Aarthi shared that having gone through the program, one of her favorite things was the Alumni Demo Day. “It’s meant as a practice session for demo day. A few days before demo day, many of the alumni come to the YC headquarters and help the founders in the current cohort. You can ask them for feedback, you can practice pitch to them and ultimately they are just there to help. They’re not there for anything except support. There’s this environment of being in a room with so much support and people wanting to see everyone succeed. I thought this was awesome because startups are so hard, for 3 whole months you’re banging your head against the wall, and then at the end you have this room full of really smart, successful people who will just clap and cheer you on no matter how bad your pitch is.”
Garry shared a story that exemplifies how quickly YC began to grow: “When I became a partner in 2011, I tried to start this tradition that I would bring In-and-Out burgers for all of the founders on demo day. First it was 45, then it went to 60 and on my 3rd cohort of being there In-and-Out refused to make 80 burgers.”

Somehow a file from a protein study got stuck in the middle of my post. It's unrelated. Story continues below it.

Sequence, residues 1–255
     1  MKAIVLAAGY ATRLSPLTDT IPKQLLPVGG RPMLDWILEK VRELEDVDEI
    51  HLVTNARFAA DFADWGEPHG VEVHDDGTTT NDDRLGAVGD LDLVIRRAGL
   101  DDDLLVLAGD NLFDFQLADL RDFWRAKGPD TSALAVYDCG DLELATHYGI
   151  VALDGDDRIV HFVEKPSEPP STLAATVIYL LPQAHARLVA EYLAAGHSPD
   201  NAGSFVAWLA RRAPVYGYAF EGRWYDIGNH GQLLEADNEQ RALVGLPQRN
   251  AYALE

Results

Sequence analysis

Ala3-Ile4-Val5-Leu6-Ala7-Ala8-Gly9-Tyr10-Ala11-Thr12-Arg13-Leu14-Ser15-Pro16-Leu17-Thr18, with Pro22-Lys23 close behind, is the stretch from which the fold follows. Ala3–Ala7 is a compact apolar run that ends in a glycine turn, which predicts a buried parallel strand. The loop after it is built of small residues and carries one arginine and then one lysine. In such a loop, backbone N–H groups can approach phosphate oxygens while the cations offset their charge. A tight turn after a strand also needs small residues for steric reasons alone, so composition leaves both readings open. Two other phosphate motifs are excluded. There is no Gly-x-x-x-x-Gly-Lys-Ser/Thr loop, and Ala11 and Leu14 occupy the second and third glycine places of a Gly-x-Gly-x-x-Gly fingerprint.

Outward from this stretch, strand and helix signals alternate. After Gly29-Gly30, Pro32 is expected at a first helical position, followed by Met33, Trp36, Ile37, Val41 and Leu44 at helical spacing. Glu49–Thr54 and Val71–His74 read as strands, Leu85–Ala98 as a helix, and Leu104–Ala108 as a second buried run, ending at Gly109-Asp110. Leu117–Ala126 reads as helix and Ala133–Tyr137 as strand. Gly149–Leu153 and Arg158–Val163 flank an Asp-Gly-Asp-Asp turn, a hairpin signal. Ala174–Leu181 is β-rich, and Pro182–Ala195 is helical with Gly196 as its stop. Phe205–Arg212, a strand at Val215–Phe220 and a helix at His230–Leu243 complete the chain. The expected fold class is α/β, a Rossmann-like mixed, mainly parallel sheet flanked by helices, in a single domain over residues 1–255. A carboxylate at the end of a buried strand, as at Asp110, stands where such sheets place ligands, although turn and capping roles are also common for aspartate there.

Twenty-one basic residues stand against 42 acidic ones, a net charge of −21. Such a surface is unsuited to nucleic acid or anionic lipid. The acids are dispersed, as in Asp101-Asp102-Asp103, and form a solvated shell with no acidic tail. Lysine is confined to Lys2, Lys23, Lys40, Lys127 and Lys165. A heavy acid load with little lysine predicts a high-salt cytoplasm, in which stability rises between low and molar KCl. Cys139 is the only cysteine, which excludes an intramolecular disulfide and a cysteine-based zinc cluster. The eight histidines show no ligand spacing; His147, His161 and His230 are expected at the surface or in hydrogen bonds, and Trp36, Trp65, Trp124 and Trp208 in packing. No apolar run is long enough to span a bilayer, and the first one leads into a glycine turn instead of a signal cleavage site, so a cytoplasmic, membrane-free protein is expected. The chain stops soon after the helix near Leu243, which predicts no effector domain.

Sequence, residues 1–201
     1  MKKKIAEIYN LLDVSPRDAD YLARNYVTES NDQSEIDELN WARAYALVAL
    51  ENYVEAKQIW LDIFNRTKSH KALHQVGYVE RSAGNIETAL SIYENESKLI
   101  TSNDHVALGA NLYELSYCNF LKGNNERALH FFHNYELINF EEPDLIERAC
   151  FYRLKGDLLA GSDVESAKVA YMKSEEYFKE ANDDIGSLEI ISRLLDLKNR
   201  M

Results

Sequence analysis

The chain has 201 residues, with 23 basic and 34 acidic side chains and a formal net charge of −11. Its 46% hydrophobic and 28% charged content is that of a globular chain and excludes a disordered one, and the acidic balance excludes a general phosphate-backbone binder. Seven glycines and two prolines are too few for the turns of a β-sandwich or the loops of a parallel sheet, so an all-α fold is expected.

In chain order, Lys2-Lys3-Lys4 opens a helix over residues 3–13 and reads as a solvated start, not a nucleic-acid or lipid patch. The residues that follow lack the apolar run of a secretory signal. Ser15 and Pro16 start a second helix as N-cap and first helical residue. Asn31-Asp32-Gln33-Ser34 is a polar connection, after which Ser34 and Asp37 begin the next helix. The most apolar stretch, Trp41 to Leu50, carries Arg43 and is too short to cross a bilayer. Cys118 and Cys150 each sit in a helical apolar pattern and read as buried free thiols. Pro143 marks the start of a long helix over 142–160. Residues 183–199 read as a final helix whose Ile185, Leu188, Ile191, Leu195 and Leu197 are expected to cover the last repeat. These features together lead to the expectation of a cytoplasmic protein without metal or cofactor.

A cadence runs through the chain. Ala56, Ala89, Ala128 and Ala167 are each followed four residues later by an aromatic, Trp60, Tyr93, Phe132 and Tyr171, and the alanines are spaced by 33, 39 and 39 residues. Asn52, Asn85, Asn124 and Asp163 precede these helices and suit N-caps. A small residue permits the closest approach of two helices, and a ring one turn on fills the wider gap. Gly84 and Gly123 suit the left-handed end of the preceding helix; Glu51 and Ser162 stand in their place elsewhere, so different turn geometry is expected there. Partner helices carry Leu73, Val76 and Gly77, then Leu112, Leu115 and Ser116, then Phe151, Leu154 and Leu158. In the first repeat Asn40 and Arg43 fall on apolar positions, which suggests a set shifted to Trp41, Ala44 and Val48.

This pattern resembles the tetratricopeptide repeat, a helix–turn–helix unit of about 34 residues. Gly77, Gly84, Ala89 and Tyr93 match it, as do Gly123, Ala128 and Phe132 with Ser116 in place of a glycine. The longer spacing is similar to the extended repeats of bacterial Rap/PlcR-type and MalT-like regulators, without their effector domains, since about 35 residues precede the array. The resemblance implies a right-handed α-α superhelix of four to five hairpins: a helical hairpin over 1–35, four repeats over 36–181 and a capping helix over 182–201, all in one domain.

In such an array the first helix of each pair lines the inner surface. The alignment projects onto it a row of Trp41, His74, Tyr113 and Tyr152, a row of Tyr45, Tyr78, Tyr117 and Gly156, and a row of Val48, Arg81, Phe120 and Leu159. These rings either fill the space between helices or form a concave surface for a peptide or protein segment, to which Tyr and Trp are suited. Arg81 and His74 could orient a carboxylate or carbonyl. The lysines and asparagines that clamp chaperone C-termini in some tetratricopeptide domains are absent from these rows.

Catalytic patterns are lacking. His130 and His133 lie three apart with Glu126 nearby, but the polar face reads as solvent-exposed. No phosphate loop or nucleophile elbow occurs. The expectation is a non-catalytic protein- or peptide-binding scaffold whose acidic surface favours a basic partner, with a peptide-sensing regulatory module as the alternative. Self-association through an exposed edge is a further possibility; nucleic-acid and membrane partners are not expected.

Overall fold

Sriram: “What have you observed? Have you seen any trends?
Garry: “There are increasingly more and more companies that already have millions in revenue and then are raising series A’s instead of seed rounds at demo day. Companies like MessageBird. There were at least 3 we came across who were raising a series A of somewhere between $10m-$15m. There was even one that was raising $100m!!”
Avichal: “To add to that - the amount of non-US based companies have been increasing about 7-10% per year and this is the first time that over 50% of the founders in a cohort have been based outside of the US. A lot of these are in India and Latin America.”